What to Do When HR Is Dragging Their Feet

Your phone interview went well, your on-site interview went better than you expected — and now you’re sitting by the phone waiting for HR to call you back to discuss next steps. It’s a common occurrence — HR is dragging their feet once again. At least it feels that way.

Before we talk about ways to move the process forward, it’s important to understand why HR may not be getting back to you as quickly as you’d hoped. Remember, they’re usually the coordinators of the process, not the leaders. Imagine trying to wrangle four or five people (at least) in the office on the same day with the same time block open. It’s kind of like herding cats — sometimes it works by sheer luck, but most of the time, it’s a time-consuming mess.

In addition to calendar coordination, HR is dealing with more than just your open position — sometimes upwards of 50 open positions at one time. It’s a lot of resumes, emails, phone calls and paperwork to keep straight.

Why is this important? Most likely, you’re not the reason HR is taking their sweet time in responding. In other words, you’re not the problem.

Still, when HR is dragging their feet with phrases like, “We’re still in the interview process,” “I’m having a difficult time getting everyone scheduled” or simply not getting back to you, here are three actions you can take to get some answers:

 

1. Reach Out to Your HR Contact Through a Different Channel

Changing up your method of communication can change your candidacy options.If you’ve only been emailing with HR, try giving them a call. Email is easy for quick communications and updates, but when you can hear someone’s voice, you have more information to go by based on their inflection.

For example, a “we’re still in the interview process” via email comes across very middle-of-the road. You have no idea if you’re a contender or not. Whereas via phone, if the HR person says the same words and sounds harried or annoyed that the process is taking so long, that could mean you’re still a candidate but they’re having cat herding issues. If the HR person tries blowing you off with those same words, most likely that means you aren’t their top candidate.

Another favorite channel of mine is to send a handwritten thank you note to the HR contact thanking them for their time during the interview and their coordination. HR tends to get forgotten when it comes to thank you notes, so a handwritten note from you will help you be remembered and could move your name up the list.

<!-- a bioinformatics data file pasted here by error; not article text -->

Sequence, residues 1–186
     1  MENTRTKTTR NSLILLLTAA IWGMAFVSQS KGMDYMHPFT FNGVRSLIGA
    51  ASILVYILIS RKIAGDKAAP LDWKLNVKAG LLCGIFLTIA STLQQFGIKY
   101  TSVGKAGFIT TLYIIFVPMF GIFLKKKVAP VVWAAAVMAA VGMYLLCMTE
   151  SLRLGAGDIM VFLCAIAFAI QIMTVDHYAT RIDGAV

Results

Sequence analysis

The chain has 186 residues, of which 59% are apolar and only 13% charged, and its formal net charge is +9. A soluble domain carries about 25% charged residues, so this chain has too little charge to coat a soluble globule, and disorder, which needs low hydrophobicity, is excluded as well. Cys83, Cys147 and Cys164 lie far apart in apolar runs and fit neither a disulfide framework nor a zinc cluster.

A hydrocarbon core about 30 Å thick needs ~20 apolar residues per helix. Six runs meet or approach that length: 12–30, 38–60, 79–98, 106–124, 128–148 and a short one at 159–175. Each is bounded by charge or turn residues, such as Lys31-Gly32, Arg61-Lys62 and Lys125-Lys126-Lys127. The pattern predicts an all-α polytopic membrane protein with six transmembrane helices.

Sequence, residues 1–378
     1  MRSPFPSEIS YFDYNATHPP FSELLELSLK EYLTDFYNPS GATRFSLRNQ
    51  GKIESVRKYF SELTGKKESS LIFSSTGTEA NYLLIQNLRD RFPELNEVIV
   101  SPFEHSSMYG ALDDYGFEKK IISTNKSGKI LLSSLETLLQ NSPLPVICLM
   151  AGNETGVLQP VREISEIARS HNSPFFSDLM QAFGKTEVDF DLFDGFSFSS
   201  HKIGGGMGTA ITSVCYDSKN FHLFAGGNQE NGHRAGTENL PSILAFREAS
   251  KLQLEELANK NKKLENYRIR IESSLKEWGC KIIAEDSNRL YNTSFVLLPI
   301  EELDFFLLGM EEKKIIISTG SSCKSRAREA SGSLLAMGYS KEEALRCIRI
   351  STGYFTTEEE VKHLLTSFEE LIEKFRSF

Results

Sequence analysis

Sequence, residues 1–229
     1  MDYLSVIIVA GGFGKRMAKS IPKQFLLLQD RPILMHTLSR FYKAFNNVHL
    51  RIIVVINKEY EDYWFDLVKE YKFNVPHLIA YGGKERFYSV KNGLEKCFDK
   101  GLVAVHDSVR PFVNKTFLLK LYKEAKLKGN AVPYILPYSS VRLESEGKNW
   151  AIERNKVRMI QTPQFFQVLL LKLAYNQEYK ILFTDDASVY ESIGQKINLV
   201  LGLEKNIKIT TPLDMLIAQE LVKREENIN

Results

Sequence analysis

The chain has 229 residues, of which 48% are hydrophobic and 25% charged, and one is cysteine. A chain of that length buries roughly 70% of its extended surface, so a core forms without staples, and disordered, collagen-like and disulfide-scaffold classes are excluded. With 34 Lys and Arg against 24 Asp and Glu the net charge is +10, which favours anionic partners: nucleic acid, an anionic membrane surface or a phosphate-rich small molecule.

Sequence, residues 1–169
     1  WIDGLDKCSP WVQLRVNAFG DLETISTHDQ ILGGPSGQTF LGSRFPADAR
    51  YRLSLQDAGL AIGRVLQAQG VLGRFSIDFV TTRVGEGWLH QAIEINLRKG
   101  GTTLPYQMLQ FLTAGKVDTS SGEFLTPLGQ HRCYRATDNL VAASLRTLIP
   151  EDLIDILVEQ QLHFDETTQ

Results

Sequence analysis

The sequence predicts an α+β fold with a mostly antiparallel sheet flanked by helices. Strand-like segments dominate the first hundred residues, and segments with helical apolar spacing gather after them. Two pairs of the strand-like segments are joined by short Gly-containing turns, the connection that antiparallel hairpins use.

2. Reach Out to the Hiring Manager

Once you’ve interviewed with your soon-to-be hiring manager, you can absolutely reach out to that person for an update. I’d recommend doing this by email so as not to put them on the spot. Your email should be short and sweet, letting them know you’re still very interested in the position and asking them if they need any additional information from you for candidate consideration.

When the hiring manager responds quickly to you, that means 1) that they’re hands-on in the recruiting process, which is great, and 2) that they’re just as eager as you to hire someone. If they engage you and let you know they enjoyed meeting you, chances are good that you’re still in contention.

If the hiring manager doesn’t respond to your email or responds back with something bland and “PR-speak,” it means you aren’t their top candidate.

How can you tell the difference? Sometimes you can’t, as some companies have strict email guidelines for candidate interaction before an offer is made. But know this: If the hiring manager wants you and feels as though you’re being dragged along for any part of the process, things will start moving a lot more quickly after you reach out.

3. Let Them Know You’re a Wanted Commodity

There’s nothing worse than a desperate candidate. If you’ve placed all of your hopes and dreams on just one job, you’re going to be disappointed.

Let HR know that you’re still interviewing and the various stages you’re at with certain companies. Unless you already have them on the phone, I would send an email like this:

Hi HR,

I wanted to check in about [enter position] and your estimated timeline for the next steps in the recruiting process. I also wanted to let you know that I have continued to explore other positions and am at the final interview stage at another company. While your job is the one I want, I wanted to be sure to keep you in the loop in case our timelines don’t match up. That being said, please let me know if you need anything else from me to continue to move the discussion forward. I look forward to hearing back from you.

In most cases, you can immediately figure out your candidacy based on their response.

  • If they respond with, “Thank you so much for telling me. I’m going to let the hiring manager know and get back to you ASAP with a timeline,” then you’re one of their top candidates.
  • If they respond with, “It sounds like we’re still a few weeks away from moving forward on this position,” then you’re not their top candidate and they’re OK with the possibility of losing you in the process.

Parting Words

The most important thing to remember when HR is dragging their feet is that it usually has nothing to do with you as a candidate.

That being said, if HR doesn’t get back to you for weeks, doesn’t respond to any of the above steps or continuously says, “thank you — we are still considering you as a candidate,” those are all red flags indicating you’re not going to move on to the next step.

HR likes to keep their best candidates warm at all costs. They may not be able to offer you a job tomorrow or give you an exact timeline, but if they want you, you will know it.

Image: Flickr

This post originally ran on CareerMeh: smart, actionable advice for Millennials, by Millennials.